How Judicial Politics is Like Area Studies
Part of the critique of the standard approaches to judicial politics that I’ve been working on involves looking at the justifications offered for why the field chose decision-making as its standard concept of the thing to be explained, and why decision-making generally came to mean formal rulings on the merits by Supreme Court justices. I’ve argued elsewhere that part of this was a mistaken assumption that such decisions were action as opposed to talk and a mistaken assumption that decisions are necessarily efficacious.* (I say mistaken both because these assumptions are not true, but more importantly because they obscure rather than illuminate). Once we jettison those assumptions, it means that other actors should be brought into better focus and whether rulings are followed is an open question. This means shifting our attention from decision-making to legitimation and authority, with the more important question being not ‘why did this actor do as they did’ but ‘how will others respond.’
This requires quite a bit of close re-reading of early works on the field, and it also led me back to Nancy Maveety’s Pioneers of Judicial Behavior. Maveety comes at this from the same orthodox position that I am trying to critique, but she is quite thorough in laying bare the assumptions for the authors she is discussing, which is rare. One of the things she notes is that early judicial behavioralists sought to tie the study of the Court to the rest of the field, in part by challenging the idea that “the law” mattered in explaining what judges did. The model was the judge-as-legislator, a policy-maker driven largely (if not solely) by ideology. But ultimately, the subfield found itself isolated and relatively ignored. But there is little here in terms of explaining why the subfield is and has been disconnected from the rest of the field.
This passage helped clarify something important. In explaining the (supposed) relative weakness of heterodox scholarship compared to standard judicial behavior approaches, she says:
A reason may lie in the fact that scholars interested in broadening the scope of judicial studies to lower courts, trial courts, and non-U.S. courts have practiced a type of judicial area studies that does not focus on a theory of judicial decision making per se. Instead, the emphasis has been on ethnographic studies of court systems or of law and legal institutions as part of a generally functionalist analysis of systemic objectives of dispute resolution, norm enforcement, or regime enhancement. Critics here charge that such work is idiographic and is oriented less toward drawing generalizations across different court systems (Gibson 1986, 145) and more toward describing the cultural meaning of customary behaviors in a legal context (see Mather 1979, 3, cited in Gibson 1986).
Ironically, of course, it is from such descriptively intensive , single-context studies of the U.S. Supreme Court that judicial behavioralism constituted its generalizable theory of judging as ideologically-driven political action.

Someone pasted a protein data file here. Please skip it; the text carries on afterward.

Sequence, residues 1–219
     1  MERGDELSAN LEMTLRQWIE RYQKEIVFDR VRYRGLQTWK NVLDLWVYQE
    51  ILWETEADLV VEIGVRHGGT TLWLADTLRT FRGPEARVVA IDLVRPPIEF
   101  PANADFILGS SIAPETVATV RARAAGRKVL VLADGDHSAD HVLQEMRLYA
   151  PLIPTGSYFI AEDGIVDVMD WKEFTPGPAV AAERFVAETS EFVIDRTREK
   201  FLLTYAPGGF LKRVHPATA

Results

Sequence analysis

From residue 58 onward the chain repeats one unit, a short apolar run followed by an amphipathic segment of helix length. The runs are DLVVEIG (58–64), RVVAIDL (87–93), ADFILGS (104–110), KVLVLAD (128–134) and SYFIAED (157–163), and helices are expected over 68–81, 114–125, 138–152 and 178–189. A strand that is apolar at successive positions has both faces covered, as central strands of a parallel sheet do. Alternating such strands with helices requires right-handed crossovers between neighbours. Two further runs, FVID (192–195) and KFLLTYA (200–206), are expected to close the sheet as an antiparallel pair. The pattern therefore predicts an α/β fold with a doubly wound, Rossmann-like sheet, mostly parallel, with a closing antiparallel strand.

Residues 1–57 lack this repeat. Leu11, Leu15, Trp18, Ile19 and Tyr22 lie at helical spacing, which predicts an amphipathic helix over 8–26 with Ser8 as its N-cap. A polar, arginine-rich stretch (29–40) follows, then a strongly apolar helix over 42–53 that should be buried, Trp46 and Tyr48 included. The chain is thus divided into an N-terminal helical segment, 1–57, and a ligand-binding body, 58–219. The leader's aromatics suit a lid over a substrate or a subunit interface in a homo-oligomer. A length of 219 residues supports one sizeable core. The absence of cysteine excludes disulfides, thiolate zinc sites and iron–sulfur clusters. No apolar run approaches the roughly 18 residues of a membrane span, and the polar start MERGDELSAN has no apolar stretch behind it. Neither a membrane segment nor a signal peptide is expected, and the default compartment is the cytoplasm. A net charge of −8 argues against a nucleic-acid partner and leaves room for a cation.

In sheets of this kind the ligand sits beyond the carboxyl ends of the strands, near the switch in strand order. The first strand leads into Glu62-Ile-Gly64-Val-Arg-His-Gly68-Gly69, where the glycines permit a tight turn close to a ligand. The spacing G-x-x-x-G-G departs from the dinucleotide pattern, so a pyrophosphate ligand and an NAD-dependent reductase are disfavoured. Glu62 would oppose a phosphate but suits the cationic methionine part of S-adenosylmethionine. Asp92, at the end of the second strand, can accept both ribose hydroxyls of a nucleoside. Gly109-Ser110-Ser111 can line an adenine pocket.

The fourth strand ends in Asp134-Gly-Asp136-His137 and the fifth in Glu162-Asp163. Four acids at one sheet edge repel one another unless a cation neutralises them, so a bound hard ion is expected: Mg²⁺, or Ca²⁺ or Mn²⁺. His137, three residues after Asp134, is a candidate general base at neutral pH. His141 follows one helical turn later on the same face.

It’s true that outside of studies of the U.S. Supreme Court, scholars aren’t typically seeking to generate theories of judicial decision-making. But that’s not the same as saying they aren’t theoretical. What’s more, this is an odd goal. Why treat the category of ‘judicial’ as analytic rather than conventional? Why begin with the assumption that courts are similar enough to each other, but different enough from all other institutions, that cross-court generalizations are the goal? Beyond that, in what sense is it a “generalizable theory” to describe judging “as ideologically-driven political action” when it has been developed in so narrow a field as studies of the U.S. Supreme Court and according to many of its prime proponents, is unique to that context?
In a footnote, she suggests “systems functionalism” as developed by David Easton and Gabriel Almond, did not influence judicial process scholarship. I think this isn’t the case–the focus on decision-making was deeply rooted in the basic political model that the subfield has been organized around, and that influence explains this very thing Maveety is talking about.
I’ve earlier cited Joe Soss on this issue, who argues that “research on political action has traditionally identified the electoral institutions of government as the center of the political system”. But let’s go back to some of the original materials. Here’s the Civic Culture.
In classifying objects of political orientation, we start with the “general” political system. We deal here with the system as a whole and include such feelings as patriotism or alienation, such cognitions and evaluations of the nation as “large” or “small,” “strong” or “weak,” and of the polity as “democratic,” “constitutional,” or “socialistic.” At the other extreme we distinguish orientations toward the “self” as political actor; the content and quality of norms of personal political obligation, and the content and quality of the sense of personal competence vis-a-vis the political system. In treating the component parts of the political system we distinguish, first, three broad classes of objects: (1) specific roles or structures such as legislative bodies, executives, or bureaucracies; (2) incumbents of roles, such as particular monarchs, legislators, and administrators, and (3) particular public policies, decisions, or enforcements of decisions. These structures, incumbents, and decisions may in turn be classified broadly by whether they are involved either in the political or “input” process or in the administrative or “output” process. By “political” or “input” process we refer to the flow of demands from the society into the polity and the conversion of these demands into authoritative policies. Some structures that are predominantly involved in the input process are political parties, interest groups, and the media of communication. By the administrative or output process we refer to that process by which authoritative policies are applied or enforced. Structures predominantly involved in this process would include bureaucracies and courts.
We realize that any such distinction does violence to the actual continuity of the political process and to the multifunctionality of political structures. Much broad policy is made in bureaucracies and by courts; and structures that we label as input, such as interest groups and political parties, are often concerned with the details of administration and enforcement. What we are referring to is a difference in emphasis, and one that is of great importance in the classification of political cultures.
The Civic Culture: Political Attitudes and Democracy in Five Nations